So top line: if I didn't think I was a coeliac for 12 years, I wouldn't have my dream job, wouldn't have met my husband and wouldn't have discovered many other health issues that I have now sorted. Plus, best part is that I can now eat yumyums!! Winning!"
"When I was a kid, my dad got me a puppy without checking with my mom first. She was furious, of course, but eventually bonded with the dog, and loved her. That dog died of cancer just before her 8th birthday. My mom said absolutely no more dogs. Ever. Within 2 weeks, she had adopted a sweet mutt from the local animal shelter. Shortly after, I brought home a mutt of my own. Her dog was female and mine was male. She complained constantly about my dog, because he was 'too big' (he weighed 45-50lbs).
About 4-5 years later, my dad had what we would later find out was a seizure in his sleep and stopped breathing. My mom's dog woke her up frantically barking and nudging my dad's hand. My mom gave my dad a good shake and he started breathing again. His eyes were open, but he was not responsive. Mom came barreling down the stairs to get me and my dog came with us. He actually passed us as we were going down the hall and takes a running leap into my parents' room from the doorway and lands on the bed about 7 feet away. He puts one paw on either side of my dad's face and began licking his face, from chin to forehead. My dog was not a licky dog, and this was totally out of character for him. A moment or two later, my dad responded and said, 'Get off of me, you silly hound,' while gently pushing my dog to the side. My boy stopped immediately and laid down on the other side of the bed, watching my dad closely.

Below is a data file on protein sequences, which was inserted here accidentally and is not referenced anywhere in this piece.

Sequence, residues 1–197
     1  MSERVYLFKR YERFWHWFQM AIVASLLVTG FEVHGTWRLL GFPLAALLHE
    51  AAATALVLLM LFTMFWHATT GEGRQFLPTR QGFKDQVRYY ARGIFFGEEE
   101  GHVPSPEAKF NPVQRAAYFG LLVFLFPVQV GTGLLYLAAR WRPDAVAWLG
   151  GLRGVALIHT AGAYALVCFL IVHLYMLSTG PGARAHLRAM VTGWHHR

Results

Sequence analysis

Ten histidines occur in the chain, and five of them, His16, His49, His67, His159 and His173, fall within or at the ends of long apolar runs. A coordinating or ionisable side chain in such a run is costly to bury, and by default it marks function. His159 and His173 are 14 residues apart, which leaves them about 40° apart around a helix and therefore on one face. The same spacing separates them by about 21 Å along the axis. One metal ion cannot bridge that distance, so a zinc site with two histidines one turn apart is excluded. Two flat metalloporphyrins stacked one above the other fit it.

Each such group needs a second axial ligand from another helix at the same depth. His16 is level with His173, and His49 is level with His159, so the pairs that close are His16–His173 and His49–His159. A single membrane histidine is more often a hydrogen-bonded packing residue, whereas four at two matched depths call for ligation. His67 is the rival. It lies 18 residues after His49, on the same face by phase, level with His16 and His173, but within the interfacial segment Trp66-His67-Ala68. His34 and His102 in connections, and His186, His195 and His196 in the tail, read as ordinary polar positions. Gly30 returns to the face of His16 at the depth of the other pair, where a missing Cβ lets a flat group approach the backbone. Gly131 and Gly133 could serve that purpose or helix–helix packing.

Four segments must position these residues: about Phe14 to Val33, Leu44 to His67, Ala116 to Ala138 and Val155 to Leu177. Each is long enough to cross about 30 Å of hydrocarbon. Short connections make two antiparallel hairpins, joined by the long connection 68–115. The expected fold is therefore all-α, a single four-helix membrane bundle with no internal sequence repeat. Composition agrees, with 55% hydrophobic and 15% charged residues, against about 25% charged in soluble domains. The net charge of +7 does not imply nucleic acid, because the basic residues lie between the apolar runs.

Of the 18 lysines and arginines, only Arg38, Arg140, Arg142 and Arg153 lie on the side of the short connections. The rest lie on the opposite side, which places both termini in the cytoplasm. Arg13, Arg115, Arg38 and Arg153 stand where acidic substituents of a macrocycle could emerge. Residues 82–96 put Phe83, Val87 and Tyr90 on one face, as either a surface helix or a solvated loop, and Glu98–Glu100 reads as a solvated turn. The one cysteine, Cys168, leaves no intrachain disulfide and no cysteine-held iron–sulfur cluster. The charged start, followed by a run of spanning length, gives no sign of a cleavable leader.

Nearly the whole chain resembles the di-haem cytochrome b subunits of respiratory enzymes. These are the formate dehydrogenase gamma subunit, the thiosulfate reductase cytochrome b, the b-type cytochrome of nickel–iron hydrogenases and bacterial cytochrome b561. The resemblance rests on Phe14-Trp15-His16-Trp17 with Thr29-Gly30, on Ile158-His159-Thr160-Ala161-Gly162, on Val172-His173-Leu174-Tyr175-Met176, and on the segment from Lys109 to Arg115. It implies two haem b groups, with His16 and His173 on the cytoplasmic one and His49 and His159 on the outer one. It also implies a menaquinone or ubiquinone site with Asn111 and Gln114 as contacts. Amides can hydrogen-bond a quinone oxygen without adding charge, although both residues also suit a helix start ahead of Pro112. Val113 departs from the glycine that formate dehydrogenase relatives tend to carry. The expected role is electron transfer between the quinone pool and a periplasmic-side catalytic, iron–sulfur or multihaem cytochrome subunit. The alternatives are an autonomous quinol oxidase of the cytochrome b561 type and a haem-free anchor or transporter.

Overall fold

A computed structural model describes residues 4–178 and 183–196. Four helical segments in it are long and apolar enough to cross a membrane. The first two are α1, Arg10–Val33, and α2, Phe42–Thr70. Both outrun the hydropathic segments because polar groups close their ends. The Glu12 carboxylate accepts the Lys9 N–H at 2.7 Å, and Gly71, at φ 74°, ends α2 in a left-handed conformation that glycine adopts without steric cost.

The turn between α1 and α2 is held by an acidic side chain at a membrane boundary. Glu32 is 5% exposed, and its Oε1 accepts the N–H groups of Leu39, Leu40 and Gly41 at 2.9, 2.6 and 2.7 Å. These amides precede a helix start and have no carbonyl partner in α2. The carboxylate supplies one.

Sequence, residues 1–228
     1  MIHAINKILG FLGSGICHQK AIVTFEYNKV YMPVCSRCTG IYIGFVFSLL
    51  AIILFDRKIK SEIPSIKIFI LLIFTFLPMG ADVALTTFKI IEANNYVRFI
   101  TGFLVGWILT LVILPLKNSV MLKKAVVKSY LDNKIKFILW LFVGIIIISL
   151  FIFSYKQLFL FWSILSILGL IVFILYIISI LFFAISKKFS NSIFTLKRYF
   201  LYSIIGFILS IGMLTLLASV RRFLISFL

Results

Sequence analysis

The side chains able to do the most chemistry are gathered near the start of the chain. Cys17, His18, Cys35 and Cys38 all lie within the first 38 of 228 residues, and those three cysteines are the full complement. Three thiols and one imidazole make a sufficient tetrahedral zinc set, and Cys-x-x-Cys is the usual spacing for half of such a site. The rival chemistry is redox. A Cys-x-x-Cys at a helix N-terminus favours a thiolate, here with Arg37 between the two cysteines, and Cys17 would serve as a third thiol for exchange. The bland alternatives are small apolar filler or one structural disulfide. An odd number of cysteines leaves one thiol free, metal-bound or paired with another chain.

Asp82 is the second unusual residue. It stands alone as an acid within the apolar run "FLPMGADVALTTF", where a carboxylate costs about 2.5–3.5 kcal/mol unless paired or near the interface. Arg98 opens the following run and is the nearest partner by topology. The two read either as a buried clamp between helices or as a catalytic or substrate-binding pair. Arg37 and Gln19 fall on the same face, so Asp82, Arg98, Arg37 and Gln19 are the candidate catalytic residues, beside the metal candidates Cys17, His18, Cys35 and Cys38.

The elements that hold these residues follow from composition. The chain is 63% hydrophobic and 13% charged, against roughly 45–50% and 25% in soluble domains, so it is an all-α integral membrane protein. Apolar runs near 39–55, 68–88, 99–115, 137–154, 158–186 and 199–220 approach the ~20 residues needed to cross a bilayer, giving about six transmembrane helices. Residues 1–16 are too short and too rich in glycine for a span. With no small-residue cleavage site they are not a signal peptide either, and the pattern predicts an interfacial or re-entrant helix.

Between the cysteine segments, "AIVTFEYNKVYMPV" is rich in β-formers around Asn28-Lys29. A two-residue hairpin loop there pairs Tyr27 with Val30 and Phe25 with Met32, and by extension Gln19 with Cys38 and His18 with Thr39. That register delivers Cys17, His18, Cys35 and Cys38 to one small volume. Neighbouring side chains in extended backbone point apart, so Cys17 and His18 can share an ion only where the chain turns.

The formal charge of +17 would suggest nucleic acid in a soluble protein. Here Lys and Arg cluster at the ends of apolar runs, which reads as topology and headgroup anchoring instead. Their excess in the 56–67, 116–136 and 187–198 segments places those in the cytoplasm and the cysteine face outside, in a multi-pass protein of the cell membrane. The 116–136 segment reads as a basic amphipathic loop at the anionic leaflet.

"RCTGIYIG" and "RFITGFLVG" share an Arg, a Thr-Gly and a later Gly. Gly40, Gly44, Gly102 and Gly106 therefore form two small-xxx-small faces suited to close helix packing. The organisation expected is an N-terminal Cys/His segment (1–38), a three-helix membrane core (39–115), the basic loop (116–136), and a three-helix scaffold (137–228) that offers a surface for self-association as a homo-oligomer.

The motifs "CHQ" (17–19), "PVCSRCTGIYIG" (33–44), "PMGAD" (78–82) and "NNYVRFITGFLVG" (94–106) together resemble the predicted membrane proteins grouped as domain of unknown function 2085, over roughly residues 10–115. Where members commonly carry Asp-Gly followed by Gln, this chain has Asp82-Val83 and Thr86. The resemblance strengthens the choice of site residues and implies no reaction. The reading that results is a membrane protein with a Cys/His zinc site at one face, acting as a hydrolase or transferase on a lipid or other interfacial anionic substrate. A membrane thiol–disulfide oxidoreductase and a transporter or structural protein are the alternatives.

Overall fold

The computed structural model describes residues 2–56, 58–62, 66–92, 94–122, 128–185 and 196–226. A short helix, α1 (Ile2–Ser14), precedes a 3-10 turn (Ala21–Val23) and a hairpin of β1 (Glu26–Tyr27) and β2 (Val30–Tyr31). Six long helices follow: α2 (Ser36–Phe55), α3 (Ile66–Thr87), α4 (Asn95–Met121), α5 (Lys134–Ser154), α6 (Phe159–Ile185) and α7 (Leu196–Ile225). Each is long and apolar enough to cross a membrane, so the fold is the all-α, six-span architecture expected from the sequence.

It took a while to get a diagnosis, but the response from the animals made them look for seizures first. He's fine now, seizure free and no meds. But if we hadn't gotten our first dog 20 years ago and lost her young, leading my mom to the shelter to find the next dog, and me to where I found my boy, my dad would have been dead for the last 13 years. Both of the dogs are gone now, and lived long, happy lives."